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Without President Donald Trump standing next to him, the man leading America’s response to the coronavirus will warn the Senate on Tuesday that reopening the country too soon could “needless suffering and death.”
Dr. Anthony Fauci, the director of the National Institute of Allergy and Infectious Diseases and a top adviser to Trump on the crisis, will address the Senate Committee on Health, Education, Labor, and Pensions on Tuesday morning in a hearing entitled “COVID-19: Safely Getting Back to Work and Back to School.”
Fauci gave a preview of his testimony late on Monday night. “The major message that I wish to convey to the Senate HLP committee tomorrow is the danger of trying to open the country prematurely,” Fauci wrote in an email to New York Times reporter Sheryl Gay Stolberg, who posted the message on Twitter.
“If we skip over the checkpoints in the guidelines to: ‘Open America Again,’ then we risk the danger of multiple outbreaks throughout the country. This will not only result in needless suffering and death but would actually set us back on our quest to return to normal.”
Fauci’s warning comes as Trump and Republicans are pushing for the economy to reopen sooner rather than later — and most U.S. states have reopened or are planning to do so this week.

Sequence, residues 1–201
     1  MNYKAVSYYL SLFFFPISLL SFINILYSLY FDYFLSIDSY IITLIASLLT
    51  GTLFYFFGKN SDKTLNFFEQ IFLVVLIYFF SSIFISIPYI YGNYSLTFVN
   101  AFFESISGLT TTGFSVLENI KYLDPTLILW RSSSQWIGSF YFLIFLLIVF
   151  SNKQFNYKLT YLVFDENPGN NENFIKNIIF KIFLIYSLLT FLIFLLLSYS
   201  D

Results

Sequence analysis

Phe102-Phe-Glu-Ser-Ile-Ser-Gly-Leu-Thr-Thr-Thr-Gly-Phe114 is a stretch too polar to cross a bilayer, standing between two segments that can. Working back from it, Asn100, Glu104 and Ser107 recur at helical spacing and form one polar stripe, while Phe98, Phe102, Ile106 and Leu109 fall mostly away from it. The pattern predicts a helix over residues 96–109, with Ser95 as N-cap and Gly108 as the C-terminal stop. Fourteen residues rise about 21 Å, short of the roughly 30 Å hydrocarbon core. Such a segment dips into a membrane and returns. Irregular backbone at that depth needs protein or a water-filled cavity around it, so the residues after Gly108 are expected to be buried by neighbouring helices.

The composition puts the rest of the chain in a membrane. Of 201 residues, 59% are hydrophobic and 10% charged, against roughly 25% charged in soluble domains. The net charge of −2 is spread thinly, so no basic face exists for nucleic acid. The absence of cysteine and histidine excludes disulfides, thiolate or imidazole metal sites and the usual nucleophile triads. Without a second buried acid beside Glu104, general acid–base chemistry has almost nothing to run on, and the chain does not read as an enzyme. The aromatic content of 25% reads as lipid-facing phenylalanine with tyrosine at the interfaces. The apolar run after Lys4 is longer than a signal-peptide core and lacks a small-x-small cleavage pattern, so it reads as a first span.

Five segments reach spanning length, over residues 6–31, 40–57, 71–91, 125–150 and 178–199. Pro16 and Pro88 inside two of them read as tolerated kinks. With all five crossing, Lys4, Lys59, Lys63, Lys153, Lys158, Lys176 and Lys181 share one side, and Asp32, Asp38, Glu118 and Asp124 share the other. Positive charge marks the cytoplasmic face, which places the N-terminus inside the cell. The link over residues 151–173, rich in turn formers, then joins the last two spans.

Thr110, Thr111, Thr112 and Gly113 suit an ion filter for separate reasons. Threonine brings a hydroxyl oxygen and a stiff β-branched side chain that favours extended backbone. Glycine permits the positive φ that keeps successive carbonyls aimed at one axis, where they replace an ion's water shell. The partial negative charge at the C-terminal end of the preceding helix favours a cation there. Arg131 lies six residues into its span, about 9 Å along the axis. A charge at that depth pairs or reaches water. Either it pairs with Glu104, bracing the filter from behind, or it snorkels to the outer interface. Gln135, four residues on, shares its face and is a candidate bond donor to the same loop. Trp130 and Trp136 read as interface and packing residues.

By Friday, all but two of the country's governors will have lifted at least some of the restrictions they put in place in recent weeks to try and stop the spread of the virus.
But the White House’s three-phase Opening Up America Again plan stipulates that states need to show a “downward trajectory of positive tests” or a “downward trajectory of documented cases” of coronavirus over two weeks in order to reopen their economies.
Very few states are meeting these criteria, and contact tracing and testing facilities are not sufficiently robust to meet the demands of a reopening economy.
Fauci will be one of three members of Trump’s coronavirus task force to testify before the committee remotely because they are self-isolating after coming into contact with someone who tested positive.
Robert Redfield, director of the Centers for Disease Control and Prevention, and Stephen Hahn, commissioner of the Food and Drug Administration will also be dialing in remotely. The committee chair, Sen. Lamar Alexander, is remaining in Tennessee and dialing in as well, because one of his staffers tested positive.
Cover: Dr. Anthony Fauci, director of the National Institute of Allergy and Infectious Diseases, arrives to speak about the coronavirus in the James Brady Press Briefing Room of the White House, Wednesday, April 22, 2020, in Washington. (AP Photo/Alex Brandon)
This article originally appeared on VICE US.